Street. Petersburg – Forget the score. That was an anomaly.
Focus, instead, on difference makers. Game changers. These are the rare hitters in the Rays lineup who are likely to stand between post-season disappointment and glory.
Revisit every panel appearance by Wander Franco and Randy Arrosarina in Thursday night’s 10-5 win against the Blue Jays.
Then they prayed that they would look so beautiful in October.
In a post-season that will be filled with big names and even bigger bats, the rays will be at a disadvantage. They don’t club, they don’t knock, they don’t dash.
This is not how this team is built. Tampa Bay is below average when it comes to scoring goals and way below average when it comes to home batting.
To scream it out loud, Aaron Judge has 60 Homer. The entire Rays field contains 40.
So if the Rays turn out to be post-season darlings, their merchandising crew will likely be in charge. Freshmen will need to be cast in high-quality roles, and it is best if their grammar is flawless.
But there will still be moments when the rays will have to answer the zinging bell. The Blue Jays have Vladimir Guerrero, Jr. and Beau Pechet. The Yankees have Judge and Giancarlo Stanton. The stars have Jose Altuve and Kyle Tucker.
And her rays Franco and Arosarina.
How important is it to Tampa Bay’s hopes in October?
As awkward as that can be, manager Kevin Cash said. “Not to pressure them, (but) they have to be who they are. And if they are, we are much better than the team.”
It’s been, at various points, a tough season for both of them.
For four months, it looked as if Arozarena was heading into a classic sophomore slump. During the first week of August, he was hitting 0.251 with an infantry-looking OPS of 0.725.
Since then, however, Arozarena has been Tampa Bay’s best player, posting 0.313 with a 0.931 OPS and 34 RBI in 42 games.
On the other hand, Franco got off to a hot start in 2022. He was hitting the .325 in mid-May but then started having four-way issues and later broke his hand. Since returning to the squad on September 9, Franco has reached 0.321 in 15 games.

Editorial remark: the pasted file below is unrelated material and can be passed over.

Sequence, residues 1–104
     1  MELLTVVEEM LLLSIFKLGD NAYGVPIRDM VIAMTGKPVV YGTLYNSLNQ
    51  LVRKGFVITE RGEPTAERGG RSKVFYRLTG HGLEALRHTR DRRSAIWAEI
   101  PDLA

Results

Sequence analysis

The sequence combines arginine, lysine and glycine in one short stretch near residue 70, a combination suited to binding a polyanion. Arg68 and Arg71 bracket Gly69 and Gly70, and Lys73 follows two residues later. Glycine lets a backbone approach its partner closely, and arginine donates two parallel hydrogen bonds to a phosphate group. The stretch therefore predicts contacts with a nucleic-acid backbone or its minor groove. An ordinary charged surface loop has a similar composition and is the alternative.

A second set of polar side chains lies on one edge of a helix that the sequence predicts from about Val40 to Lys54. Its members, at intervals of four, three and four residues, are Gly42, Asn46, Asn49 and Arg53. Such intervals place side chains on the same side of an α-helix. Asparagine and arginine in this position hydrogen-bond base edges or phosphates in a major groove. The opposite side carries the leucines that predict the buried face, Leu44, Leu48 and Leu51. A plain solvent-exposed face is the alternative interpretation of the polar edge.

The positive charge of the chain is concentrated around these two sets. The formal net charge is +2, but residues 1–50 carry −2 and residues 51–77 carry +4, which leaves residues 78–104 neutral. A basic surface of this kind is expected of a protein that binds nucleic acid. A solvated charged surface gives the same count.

“Fortunately, I feel really good,” Franco said through team interpreter Mane Navarro. “I think I’m starting to feel a little bit like I did at the beginning of the year. I’ve made some adjustments which I hope will continue.”
Between them, Franco and Arosarina had three pairs, two solos, one walk, five RBIs and three runs Thursday night.
Of course, those weren’t the only big nights in the series’ opening night against Toronto. Jonathan Aranda hit a pair of bullets, led David Peralta in two rounds, and Manuel Margo got a pair of hits. And when the post-season rolls around, Yandy Diaz and Brandon Lowe (if he’s healthy) will also be counted on for the big moments.
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But there is a difference between complementary players and stars. You welcome contributions from everyone, but you need your best players to come forward in October.
Astros? They have four men in their lineup with 21 or more carrier pigeons. So do the Yankees. With Homer Tuscar Hernandez on Thursday, the Blue Jays actually own five.
And what about the x-rays? zoom.
With Tampa Bay’s lineup neither as heavy-weight nor as deep as the other contenders, it is more important for Arosarina and Franco to drive balls into the gaps as they did Thursday night.
“They are our men,” Peralta said. “These two guys in the squad is what we need every day. (Thursday) we showed what kind of team we are with these two guys.”
There is still work to do, and time for the rest of the offense to find a better groove. Tampa Bay’s magic number is eight with 12 games left, so it will take a breakdown in epic proportions for Rays to fall out of the cut-off at this point.
But the idea that Arozarena and Franco are starting to heat up as we move into the post-season might be the best sign that Rays has a fighting chance in it.
On a night like this, you can see the possibilities.
John Romano can be reached at [email protected]. Follow @romano_tbtimes.
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